Coulee Corridor #2: Steamboat Rock LbNA # 30099
|Placed Date||Apr 7 2007|
|Location||Electric City, WA|
Rising 800 feet above the surface of Banks Lake, Steamboat Rock is an impressive sight. During the last Ice Age, cataclysmic floods carved out the landscape of Eastern Washington. At the present day site of Grand Coulee Dam, a great ice dam diverted the Columbia River south. Steamboat Rock was harder than the surrounding basalt and resisted the eroding powers of the waters, turning the area into an island in the middle of the river channel. When the Ice Dam melted, the Columbia returned to its present course, leaving the Grand Coulee and Steamboat Rock high and dry. The easily recognizable mesa served as a directional point for traveling Native Americans. In 1951, humans once again surrounded Steamboat Rock with water. Today Banks Lake serves as the starting resevoir for the Columbia Basin Irrigation Project.
Steamboat Rock State Park is located on Banks Lake between Electric City and Coulee City. The hike is fairly easy and takes about 15-20 minutes each way. The trail is pet friendly and there are bathrooms at the bottom. To find this letterbox, you will not be going to the top of Steamboat Rock. There are a few things you need to watch for, especially in the summer. Rattlesnakes are in the area all summer. The weather is hot, so hiking in the summer should be done in the early morning. Make sure to bring water!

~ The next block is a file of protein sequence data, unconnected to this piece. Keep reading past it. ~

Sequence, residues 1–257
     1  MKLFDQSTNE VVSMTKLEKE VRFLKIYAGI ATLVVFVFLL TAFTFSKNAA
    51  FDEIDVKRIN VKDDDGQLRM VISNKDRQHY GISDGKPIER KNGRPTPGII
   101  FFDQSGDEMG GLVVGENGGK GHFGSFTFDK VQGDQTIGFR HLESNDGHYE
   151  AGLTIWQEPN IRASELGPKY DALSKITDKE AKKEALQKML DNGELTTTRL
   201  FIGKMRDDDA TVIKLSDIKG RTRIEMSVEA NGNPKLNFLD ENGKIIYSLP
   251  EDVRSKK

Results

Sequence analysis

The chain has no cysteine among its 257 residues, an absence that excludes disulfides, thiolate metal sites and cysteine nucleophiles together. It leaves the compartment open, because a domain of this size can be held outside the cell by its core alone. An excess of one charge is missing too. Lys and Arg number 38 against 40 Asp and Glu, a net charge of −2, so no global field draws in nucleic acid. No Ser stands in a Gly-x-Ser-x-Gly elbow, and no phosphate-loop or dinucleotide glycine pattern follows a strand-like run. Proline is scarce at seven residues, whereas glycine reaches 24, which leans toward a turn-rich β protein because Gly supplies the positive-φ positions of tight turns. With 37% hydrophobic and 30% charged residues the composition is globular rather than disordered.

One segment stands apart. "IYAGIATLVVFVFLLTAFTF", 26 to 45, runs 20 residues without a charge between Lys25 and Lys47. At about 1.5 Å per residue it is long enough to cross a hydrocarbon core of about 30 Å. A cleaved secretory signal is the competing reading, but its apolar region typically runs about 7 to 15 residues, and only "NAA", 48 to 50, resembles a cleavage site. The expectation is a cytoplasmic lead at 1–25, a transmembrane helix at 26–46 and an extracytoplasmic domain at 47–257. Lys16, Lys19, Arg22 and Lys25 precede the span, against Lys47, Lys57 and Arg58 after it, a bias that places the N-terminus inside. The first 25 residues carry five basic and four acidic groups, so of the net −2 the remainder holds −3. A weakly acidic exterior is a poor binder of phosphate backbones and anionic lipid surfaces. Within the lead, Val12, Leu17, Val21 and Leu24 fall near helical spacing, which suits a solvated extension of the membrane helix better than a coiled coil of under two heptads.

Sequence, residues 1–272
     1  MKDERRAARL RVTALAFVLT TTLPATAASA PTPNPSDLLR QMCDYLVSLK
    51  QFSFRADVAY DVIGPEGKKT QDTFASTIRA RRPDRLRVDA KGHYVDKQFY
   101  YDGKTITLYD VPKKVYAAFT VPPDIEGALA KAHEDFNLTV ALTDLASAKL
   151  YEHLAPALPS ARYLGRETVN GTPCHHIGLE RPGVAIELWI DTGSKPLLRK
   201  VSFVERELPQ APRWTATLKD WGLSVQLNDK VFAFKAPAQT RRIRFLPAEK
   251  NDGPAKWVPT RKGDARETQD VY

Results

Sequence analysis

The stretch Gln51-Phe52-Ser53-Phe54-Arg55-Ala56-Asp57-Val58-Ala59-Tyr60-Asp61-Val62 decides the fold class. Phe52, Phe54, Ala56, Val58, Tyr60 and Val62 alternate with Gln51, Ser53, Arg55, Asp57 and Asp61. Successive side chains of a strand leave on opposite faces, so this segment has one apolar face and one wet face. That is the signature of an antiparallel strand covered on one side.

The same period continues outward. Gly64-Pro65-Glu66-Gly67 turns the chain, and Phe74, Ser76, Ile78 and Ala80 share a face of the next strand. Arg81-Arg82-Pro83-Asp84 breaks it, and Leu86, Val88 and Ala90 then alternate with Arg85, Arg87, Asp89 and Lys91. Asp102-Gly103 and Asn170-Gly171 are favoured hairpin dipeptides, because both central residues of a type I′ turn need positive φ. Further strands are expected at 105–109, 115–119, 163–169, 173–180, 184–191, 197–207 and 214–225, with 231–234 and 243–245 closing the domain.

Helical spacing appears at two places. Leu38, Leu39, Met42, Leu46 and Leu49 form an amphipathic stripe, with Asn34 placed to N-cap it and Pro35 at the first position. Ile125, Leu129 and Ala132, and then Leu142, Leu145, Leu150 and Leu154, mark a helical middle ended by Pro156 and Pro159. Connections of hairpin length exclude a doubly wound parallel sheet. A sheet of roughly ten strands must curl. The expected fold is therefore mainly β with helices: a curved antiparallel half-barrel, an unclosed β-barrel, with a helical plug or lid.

Turn into Steamboat Rock State Park from Highway 155. Follow the road to the end and park in the Day Use Area.
Park at the south end of the Day Use Area parking lot. Cross the street to the sandy trail and start your hike. When you come to a T take a right and continue uphill. At the information kisosk before you begin the rocky climb, turn left and continue on the sandy path. Near where the dirt turns to gravel you will see a concrete structure. From the east corner of the concrete take 40 steps at 80 degrees. Where you stop you'll find the letterbox.